A room and a half or even less

Going back to Kirsten Ghodsee’s New York Times article, Why Women Had Better Sex Under Socialism. It was probably a Times editor who came up with the title. As I’ve tried to explain, it’s a complicated subject that cannot be summed up in two words and requires differentiating by country, province and socioeconomic class (which did not disappear under socialism). As for the former USSR, any discussion of people’s private lives, including sex, risks slipping into irrelevance unless the infamously cramped housing is brought into the picture.

I would suggest Joseph Brodsky’s 1986 essay, In a Room and a Half, to get an idea of the communal apartments typical of post-WWII Soviet cities (Leningrad in Brodsky’s case). The essay is still behind a paywall but it’s probably worth paying for. You can read a Russian translation for free. You can also watch Andrei Khrzhanovsky’s 2009 pseudo-biopic, A Room and a Half, or a Sentimental Journey to the Old Country. I haven’t seen it but Alisa Freyndlikh (Freundlich) and Sergei Yursky, who play Joseph’s parents in the film, are both exceptionally gifted and accomplished theater actors. I’m also certain that Khrzhanovsky’s movie depicts the typical communal apartment faithfully.

If you wish to fast forward from the 1950s to Brezhnev years, 1964-82 or more loosely 1964-85, consider Yuri Trifonov’s 1969 novella The Exchange. The protagonist, Victor Dmitriyev, his wife Yelena (Lena), and their 10- or 12-year-old daughter all live in a room in a communal apartment. Pressured by his wife, Dmitriyev sells his soul to the devil, more or less, to move them into a separate flat. The two paragraphs below, from The Exchange, should provide some helpful context to the better sex under socialism debate:

They stopped talking and listened. Everything was quiet. Their daughter was sleeping behind the room divider, in the corner. Also behind the divider stood the daughter’s small desk where she did her homework in the evening. Dmitriyev had made a bookshelf and hung it above the small desk, and had laid the wiring for a desk lamp, setting up a separate roomlet behind the divider – a “solitary” as the family called it. Dmitriyev and Lena slept on a wide sofa bed made in Czechoslovakia, luckily bought three years earlier, an object of their friends’ envy. The sofa stood by the window, separated from the “solitary” by an oakwood cupboard…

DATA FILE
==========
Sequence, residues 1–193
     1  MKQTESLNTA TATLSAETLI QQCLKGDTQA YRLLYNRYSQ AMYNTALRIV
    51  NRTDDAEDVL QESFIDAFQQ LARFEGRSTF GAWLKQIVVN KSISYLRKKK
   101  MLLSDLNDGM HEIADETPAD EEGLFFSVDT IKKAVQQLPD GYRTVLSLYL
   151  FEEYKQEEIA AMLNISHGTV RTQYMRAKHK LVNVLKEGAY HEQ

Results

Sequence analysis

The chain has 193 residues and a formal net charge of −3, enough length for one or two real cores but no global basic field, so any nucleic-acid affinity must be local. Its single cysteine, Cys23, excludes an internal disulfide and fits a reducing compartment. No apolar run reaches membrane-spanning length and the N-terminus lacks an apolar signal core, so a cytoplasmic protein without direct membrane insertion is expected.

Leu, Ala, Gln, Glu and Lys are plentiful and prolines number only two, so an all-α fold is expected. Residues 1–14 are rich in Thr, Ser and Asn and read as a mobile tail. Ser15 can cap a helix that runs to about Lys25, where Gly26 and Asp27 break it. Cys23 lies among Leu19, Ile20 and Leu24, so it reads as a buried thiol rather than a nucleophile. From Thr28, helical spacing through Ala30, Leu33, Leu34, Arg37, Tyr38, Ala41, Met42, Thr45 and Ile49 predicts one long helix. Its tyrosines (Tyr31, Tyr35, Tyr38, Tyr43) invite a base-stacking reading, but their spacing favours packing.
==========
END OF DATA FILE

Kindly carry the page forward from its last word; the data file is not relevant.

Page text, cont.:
In the evenings, reclining themselves on their Czechoslovak bed – which had turned out not so solid, soon going loose and creaking with every movement – Dmitriyev and Lena would listen up to every sound from behind the partition, for a long time, trying to determine if their daughter had fallen asleep or not. Dmitriyev would call in a half-whisper: “Natasha? Hey, Natasha?” Lena would tiptoe up and look in through a slit in the divider.

A side note, a follow-up as it were to Erik McDonald‘s recent posts on Muireann Maguire’s review of new English translations of Tolstoy. The third sentence in the excerpt above – “Their daughter was sleeping…” – refers, no doubt, to the moment when Dmitriyev and his wife stopped arguing to check if they hadn’t just woken up their daughter. The continuous tense is in order. However, one can also read it, in the original Russian, as a general statement: their daughter always slept behind the screen, not only that night. That would require the simple present in English. This seems a special case of the generic difficulty of translating from languages lacking the present progressive tense.


  1. I have the DVD of the film but I haven’t seen it for a while. It covers pretty much the whole of Brodsky’s life from WW2 onwards, focusing on his relationship with his parents and the cruelty of their separation from him when he went into exile. It ends with the poet’s imaginary return to St Petersburg in the 1990s. It’s inventive and uses a range of techniques, including whimsical animation sequences to illustrate Brodsky’s childhood fantasies. The episode where the teenage Brodsky tries to build a wall of books and other objects in the flat to give himself more privacy is played as realistic comedy.

    Khrzhanovsky’s name reminds me of the writer Sigizmund Krzhizhanovsky, whose fantasy story “Kvadraturin” is about Moscow’s cramped communal flats in the 1920s.

    • “Kvadraturin” is probably the best known of Krzhizhanovsky’s short stories, although they have never been widely read. The literati (and sci-fi fans) acknowledge Krzhizhanovsky as a first-rate, must-read author.

      A few years ago, Andrei Khrzhanovsky shot a film series on the life of Lev Landau with the conductor Theodor Currentzis playing “Dau” but it seems the film is stuck in post-production.

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